Q: Can you describe the products and services that Farrell-Wako offers?
A: I would be delighted to. Farrell-Wako is a global equity manager offering investment management services focusing on the US and Asian Capital markets. Specifically, the firm offers a US Large Cap Strategy, a US Small/Mid Cap Strategy and a Japan Strategy. These strategies, which I call "Alpha", employ a bottom-up multi-dimensional valuation approach which combines the disciplines of growth and value investing. The Large Cap focuses on all companies with a market cap greater than $1.5 billion. The Small/Mid Cap focuses on all companies with a market cap of less than $1.5 billion. The investment objective for all the Alpha strategies is to provide consistent above-average real returns with below average risk relative to active managers. The strategies are fully invested in equity securities at all times, and market timing is not accepted.
Q: How much money does each of these products currently have under management?
A: Our large cap currently has $141 million. Our small/mid cap currently has $94 million and our Japan Alpha has $165 million.
Q: Please tell us a little about your background and how you originally got into the management business.
A: I was previously Chairman and Chief Investment Officer of a New York-based independent investment counseling subsidiary of an insurance company. Also, I have extensive experience in portfolio management and applied financial research at a major U.S. bank and the College Retirement Equities Fund (CREF). Additionally, since 1976, 1 have served as the Chairman of the Institute of Quantitative Research in Finance, better known in the industry as the "Q Group". Lastly, I served as adjunct professor of Finance at both NYU and Columbia University
Would you please define your overall valuation process?
A: Sure. We have in place a disciplined stock selection process heavily dependent on valuation uniquely combining fundamental and quantitative analysis. The strategy's primary emphasis is on bottom-up individual stock selection based on a multi-dimensional valuation process. Individual dimensions of value are combined into a composite rating that has a greater predictive power and consistency than any one individual dimension of value. Additionally, we employ a systematic portfolio construction process combining both multi-factor risk and alpha values, in conjunction with specific financial and economic information relative to each company evaluated. What do you mean when you talk about controlling macro risk in a portfolio? Mr. Farrell: Our macro risk model is one of the most important predictors within our strategy. Simply stated, it measures the risk portion of the industries themselves from a broad perspective. This allows us to lower the weightings in an industry that is currently out of favor - or conversely, to raise the weightings for those that are attractive.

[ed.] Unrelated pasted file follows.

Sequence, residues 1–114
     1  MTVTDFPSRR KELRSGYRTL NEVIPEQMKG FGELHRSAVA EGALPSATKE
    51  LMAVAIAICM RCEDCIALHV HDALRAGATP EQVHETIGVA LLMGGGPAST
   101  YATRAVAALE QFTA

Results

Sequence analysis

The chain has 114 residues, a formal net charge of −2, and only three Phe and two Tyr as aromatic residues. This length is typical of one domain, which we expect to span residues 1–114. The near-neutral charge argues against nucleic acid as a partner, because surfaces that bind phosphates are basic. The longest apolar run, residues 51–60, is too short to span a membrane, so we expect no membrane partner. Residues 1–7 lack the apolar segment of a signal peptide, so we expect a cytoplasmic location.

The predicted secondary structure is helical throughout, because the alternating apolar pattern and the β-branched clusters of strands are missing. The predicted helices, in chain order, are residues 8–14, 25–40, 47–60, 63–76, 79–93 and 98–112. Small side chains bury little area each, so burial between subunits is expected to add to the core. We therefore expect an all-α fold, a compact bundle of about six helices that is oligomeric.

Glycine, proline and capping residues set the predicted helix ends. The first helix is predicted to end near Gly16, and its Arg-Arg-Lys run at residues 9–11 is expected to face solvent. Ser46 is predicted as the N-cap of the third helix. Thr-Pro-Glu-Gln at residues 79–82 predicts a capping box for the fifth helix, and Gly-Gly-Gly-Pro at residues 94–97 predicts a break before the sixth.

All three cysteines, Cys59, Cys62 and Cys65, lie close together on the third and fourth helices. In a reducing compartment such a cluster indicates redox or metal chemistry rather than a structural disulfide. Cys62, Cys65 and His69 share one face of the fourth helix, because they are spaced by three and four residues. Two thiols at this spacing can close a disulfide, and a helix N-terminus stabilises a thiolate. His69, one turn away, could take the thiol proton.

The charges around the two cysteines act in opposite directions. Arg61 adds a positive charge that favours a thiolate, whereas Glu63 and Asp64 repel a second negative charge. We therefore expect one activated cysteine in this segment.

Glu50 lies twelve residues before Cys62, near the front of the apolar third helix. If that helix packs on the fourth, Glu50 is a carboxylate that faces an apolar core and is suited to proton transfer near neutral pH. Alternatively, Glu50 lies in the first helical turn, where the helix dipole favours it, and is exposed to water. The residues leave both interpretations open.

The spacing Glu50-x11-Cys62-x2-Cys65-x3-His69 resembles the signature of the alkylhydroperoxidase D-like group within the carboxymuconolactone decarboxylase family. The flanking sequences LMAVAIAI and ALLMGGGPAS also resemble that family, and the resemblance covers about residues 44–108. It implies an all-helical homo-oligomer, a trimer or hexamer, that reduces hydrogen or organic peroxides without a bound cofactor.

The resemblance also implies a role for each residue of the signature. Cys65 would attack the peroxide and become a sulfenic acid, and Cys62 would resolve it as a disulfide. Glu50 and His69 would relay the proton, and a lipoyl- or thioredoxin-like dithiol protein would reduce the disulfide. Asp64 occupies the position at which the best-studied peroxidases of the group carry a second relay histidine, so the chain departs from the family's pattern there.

Q: How many statistical and technical measures do you use?
A: We use about 40 statistical and technical measures, which have been developed and refined over the past 25 years.
Q: What do you mean when you talk about the multi-dimensional valuation process and its application to growth and value oriented stocks?
A: It is true, the research valuation process is a multi-dimensionaI one. It encompasses a multitude of individual "predictors" that have been tested using information coefficient techniques. In developing the US Alpha Strategy, we tested a multitude of these predictors and determined that some 40 represented the best "qualified" those that showed positive predictive power. We in turn grouped these individual predictors into several distinct dimensions of value. Examples of such valuation dimensions are:
long term fundamental (LTF) - including projected earnings momentum and relative value methods,
short term fundamental (STF) - including cash flow and asset valuation methods,
fundamental analytical approaches (FA),
methods to assess market dynamics (MD), and
factors related to economic dynamics (ED).
Using this multi-dimensional valuation technique we can value each company in our universe. The individual predictor dimensions of value are combined into a composite valuation indicator known as an alpha rating. The alpha value is a highly important indicator of attractiveness. It has greater predictive power than an individual predictor of individual dimension of value. Combining dimensions of value provides a synergistic effect of enhancing the predictive power of combination beyond the summation of the components. Concurrently, the combining process provides a greater stability of results.